How can students with ADHD improve Organization?

How can students with ADHD improve Organization? How can students with ADHD improve Organization?

How can students with ADHD improve Organization? Understanding the importance of organizational skills and how to apply them is critical. Organizational skills refer to a set of cognitive abilities that facilitate goal-oriented behavior.

 Disorganization causes a lot of personal frustration and wasted time. It can even frustrate those around you leading to stress and added anxiety around tasks that might already be daunting. Let us explore some ways in which we can improve this skill.




Place- The starting point for organization is to make a place for everything. Pencils go in a case. Keys go on a hook. Paperwork goes in a folder. Designated spots should be well intentioned and within arm’s reach. See what placements work best for you!

Retrieve- When an item has a designated spot it only takes seconds to find it. Just get it!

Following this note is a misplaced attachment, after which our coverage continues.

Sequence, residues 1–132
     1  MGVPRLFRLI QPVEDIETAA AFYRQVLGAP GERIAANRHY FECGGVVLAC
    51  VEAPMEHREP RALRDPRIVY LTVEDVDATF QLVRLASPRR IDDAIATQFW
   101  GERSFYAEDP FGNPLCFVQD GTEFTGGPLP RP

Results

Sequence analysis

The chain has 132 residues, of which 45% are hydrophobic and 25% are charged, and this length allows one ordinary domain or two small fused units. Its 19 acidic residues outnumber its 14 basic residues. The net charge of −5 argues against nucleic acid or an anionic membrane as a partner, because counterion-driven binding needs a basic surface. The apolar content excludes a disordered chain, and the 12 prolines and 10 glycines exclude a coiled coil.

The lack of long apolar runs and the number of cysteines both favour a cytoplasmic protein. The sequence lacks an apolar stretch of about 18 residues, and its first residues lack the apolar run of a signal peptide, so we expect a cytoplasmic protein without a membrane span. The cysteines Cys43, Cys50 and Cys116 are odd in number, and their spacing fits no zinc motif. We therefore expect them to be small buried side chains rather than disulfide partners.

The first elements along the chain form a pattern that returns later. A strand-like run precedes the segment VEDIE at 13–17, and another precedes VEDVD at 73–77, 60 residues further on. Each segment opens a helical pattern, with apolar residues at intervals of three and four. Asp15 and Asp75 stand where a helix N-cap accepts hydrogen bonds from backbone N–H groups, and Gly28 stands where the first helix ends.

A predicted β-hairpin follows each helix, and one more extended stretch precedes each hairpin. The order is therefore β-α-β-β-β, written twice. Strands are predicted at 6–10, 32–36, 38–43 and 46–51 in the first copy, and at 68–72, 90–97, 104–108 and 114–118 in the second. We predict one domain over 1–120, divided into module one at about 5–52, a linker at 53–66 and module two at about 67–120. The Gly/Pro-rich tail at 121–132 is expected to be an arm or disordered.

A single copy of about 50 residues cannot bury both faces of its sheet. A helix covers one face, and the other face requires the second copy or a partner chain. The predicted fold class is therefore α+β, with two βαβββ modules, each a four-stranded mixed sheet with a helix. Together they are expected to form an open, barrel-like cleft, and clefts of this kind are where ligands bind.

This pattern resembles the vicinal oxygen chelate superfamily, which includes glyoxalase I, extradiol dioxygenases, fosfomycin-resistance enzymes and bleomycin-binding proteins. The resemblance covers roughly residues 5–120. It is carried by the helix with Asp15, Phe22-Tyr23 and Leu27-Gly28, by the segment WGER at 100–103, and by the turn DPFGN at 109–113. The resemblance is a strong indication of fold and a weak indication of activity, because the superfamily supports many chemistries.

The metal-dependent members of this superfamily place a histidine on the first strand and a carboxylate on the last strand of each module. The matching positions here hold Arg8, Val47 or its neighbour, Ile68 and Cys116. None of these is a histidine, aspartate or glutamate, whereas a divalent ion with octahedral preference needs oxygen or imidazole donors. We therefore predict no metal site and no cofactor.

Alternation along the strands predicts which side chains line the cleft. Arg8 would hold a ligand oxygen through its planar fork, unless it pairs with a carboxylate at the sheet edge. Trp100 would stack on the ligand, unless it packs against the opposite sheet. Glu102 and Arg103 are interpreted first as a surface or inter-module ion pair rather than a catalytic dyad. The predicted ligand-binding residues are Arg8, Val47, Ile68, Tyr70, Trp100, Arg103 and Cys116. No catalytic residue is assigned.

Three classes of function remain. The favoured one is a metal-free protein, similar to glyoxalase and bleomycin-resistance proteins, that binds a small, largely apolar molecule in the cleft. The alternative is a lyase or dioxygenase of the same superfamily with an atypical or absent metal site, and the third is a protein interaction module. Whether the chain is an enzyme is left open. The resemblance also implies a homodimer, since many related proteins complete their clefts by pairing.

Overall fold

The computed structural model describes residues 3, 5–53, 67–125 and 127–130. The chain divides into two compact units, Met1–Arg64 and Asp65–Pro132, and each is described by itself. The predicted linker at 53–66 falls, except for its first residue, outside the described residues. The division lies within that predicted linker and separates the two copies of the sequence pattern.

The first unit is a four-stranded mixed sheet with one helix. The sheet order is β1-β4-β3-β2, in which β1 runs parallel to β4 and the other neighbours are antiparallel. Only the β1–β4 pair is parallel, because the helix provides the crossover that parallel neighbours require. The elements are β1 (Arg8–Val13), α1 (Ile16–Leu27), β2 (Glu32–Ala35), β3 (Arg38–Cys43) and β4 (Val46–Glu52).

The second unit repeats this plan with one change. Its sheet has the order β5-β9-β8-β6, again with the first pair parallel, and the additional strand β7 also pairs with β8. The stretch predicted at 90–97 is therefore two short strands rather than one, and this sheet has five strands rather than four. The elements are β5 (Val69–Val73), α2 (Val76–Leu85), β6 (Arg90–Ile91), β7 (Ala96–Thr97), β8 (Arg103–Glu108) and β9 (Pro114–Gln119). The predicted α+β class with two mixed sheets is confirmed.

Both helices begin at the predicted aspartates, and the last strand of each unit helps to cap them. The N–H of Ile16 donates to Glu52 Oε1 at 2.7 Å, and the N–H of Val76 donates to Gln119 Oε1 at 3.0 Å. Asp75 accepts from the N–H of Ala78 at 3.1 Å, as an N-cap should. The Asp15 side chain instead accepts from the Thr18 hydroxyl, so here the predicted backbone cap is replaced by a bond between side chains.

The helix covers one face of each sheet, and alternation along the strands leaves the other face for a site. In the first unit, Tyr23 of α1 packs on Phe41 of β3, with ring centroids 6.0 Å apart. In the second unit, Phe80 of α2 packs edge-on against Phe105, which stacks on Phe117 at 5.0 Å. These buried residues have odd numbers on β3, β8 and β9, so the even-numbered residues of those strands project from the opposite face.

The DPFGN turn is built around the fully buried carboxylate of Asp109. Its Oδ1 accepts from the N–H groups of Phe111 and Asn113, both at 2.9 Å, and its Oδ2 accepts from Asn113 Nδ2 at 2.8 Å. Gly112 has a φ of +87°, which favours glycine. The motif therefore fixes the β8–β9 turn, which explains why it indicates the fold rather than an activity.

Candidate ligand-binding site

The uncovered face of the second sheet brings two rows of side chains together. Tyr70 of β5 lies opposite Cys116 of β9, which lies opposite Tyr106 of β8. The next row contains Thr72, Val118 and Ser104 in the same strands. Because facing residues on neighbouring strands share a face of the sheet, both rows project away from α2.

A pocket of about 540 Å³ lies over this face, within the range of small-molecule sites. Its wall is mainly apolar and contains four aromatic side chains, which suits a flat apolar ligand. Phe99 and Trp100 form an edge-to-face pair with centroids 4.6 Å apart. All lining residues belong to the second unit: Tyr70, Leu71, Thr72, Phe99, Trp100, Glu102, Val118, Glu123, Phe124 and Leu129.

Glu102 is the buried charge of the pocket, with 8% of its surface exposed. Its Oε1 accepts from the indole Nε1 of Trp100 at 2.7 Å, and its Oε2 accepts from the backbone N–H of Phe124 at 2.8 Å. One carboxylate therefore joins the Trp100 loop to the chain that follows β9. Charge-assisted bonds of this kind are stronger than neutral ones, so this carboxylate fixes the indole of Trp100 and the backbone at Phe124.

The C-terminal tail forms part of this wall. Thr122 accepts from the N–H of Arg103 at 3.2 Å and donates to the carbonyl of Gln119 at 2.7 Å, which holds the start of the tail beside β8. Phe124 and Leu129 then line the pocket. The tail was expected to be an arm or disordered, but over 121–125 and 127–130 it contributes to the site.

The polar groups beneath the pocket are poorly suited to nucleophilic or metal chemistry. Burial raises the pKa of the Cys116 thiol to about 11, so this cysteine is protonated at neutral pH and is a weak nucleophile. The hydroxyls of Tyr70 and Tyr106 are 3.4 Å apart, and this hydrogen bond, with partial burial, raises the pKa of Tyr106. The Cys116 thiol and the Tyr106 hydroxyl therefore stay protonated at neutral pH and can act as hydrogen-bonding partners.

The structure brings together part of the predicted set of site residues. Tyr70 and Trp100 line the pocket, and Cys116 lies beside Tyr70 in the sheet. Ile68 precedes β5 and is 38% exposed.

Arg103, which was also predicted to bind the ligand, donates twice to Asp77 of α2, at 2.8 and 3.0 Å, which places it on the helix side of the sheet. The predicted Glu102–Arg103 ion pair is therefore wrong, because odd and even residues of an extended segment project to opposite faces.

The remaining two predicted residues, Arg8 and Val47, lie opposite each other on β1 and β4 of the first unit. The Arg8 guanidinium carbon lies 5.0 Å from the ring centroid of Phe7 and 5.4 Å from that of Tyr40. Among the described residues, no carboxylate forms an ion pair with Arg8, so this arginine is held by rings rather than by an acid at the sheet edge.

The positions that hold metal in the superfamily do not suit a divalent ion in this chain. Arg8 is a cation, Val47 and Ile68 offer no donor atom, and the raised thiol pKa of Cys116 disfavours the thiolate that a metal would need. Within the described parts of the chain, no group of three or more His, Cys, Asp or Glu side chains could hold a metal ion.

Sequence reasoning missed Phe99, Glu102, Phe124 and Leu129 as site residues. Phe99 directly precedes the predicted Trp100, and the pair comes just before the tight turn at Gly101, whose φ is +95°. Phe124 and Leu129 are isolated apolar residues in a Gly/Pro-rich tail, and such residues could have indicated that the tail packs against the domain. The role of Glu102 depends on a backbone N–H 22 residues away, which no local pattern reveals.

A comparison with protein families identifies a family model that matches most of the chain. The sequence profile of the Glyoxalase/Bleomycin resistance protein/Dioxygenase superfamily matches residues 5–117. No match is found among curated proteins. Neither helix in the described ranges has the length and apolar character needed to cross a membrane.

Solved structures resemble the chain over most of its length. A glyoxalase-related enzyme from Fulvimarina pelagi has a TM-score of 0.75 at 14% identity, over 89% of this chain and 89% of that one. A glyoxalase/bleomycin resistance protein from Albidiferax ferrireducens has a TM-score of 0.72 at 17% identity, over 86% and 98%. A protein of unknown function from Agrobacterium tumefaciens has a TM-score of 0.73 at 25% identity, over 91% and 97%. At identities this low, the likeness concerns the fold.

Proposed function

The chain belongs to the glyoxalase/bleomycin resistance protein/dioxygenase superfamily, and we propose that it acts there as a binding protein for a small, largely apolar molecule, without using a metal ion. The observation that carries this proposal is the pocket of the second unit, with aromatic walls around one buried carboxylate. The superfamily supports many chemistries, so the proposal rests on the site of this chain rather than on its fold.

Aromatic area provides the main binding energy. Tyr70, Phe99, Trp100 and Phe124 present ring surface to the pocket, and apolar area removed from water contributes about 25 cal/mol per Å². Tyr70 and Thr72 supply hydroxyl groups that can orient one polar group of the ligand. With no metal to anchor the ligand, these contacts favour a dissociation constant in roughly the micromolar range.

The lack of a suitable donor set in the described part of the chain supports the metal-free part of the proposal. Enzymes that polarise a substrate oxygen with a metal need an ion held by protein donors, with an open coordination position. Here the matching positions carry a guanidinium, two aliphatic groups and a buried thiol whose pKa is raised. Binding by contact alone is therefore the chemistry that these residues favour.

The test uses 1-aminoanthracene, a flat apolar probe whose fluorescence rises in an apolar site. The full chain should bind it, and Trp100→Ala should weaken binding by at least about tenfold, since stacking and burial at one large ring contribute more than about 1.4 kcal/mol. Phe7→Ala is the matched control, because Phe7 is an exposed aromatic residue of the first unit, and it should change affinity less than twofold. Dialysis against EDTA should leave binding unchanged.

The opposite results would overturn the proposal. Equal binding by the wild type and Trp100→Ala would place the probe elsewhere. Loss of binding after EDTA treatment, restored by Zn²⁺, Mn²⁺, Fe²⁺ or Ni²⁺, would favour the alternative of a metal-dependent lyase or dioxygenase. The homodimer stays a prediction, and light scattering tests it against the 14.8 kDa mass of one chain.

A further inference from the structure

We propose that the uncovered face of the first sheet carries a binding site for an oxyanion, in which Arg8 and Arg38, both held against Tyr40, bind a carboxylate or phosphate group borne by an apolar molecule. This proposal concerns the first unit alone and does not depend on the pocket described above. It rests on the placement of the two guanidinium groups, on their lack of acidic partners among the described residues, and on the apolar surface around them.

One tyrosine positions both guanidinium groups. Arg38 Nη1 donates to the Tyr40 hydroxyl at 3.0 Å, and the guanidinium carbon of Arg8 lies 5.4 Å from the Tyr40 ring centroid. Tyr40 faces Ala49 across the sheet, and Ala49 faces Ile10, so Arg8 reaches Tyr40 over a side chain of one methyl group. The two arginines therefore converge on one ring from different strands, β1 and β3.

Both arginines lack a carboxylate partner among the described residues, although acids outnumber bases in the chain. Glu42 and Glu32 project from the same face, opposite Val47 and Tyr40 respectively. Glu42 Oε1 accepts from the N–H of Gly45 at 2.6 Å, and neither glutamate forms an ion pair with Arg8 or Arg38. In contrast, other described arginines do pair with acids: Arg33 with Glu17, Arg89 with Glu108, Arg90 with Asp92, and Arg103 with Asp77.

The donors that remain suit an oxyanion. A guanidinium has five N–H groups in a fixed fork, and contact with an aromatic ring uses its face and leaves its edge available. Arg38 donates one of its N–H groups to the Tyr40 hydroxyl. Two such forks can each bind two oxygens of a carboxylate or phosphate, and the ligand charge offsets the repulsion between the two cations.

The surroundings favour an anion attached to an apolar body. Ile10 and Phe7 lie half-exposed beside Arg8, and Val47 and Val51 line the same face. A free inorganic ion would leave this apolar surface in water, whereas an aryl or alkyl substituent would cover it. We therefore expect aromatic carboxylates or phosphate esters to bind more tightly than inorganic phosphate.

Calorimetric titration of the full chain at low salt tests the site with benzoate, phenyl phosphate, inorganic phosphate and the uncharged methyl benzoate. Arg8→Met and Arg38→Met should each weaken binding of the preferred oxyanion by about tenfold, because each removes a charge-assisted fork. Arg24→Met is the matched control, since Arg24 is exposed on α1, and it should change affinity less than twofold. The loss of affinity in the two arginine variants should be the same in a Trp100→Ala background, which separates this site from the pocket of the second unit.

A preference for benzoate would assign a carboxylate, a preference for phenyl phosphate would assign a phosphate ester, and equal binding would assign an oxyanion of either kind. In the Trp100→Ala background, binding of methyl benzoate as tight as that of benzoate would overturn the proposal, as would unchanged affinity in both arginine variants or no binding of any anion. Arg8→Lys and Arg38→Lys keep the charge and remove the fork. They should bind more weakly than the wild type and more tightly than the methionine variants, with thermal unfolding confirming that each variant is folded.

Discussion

Return- It is easy to just put an item down when you are actively working on a task, but then it becomes a moving target that needs to be found every time. When you have attention problems, too many items in one’s field of vision is overwhelming. Putting that Item back fortifies its place and reinforces this productive cycle.

Once you learn to use these three steps effectively, you are well on your way.

Here are some additional steps that can keep you organized!

Discard what you do not use! Is the stress of holding on to items that may never be used worth it? Letting go of useless items makes space for new useful items and reduces clutter. It may seem easier to just stuff old papers on the bottom of your school locker but taking only a few minutes at the end of a school day to throw those papers out will make it easier to find that pencil case underneath it all when you need it.

Compartmentalize! It may be a lot to start organizing a workspace. It does not have to be done all at once. Make a list and schedule. Break down the sections that need cleaning and tackle each section one at a time. Making a mental grid of the place and dedicating an allotted amount of time to each place on the grid could make it less daunting and doable. “I'll spend one hour organizing my desk space today” could prove to be more effective than saying “I'll organize the whole room today no matter how long it takes.”

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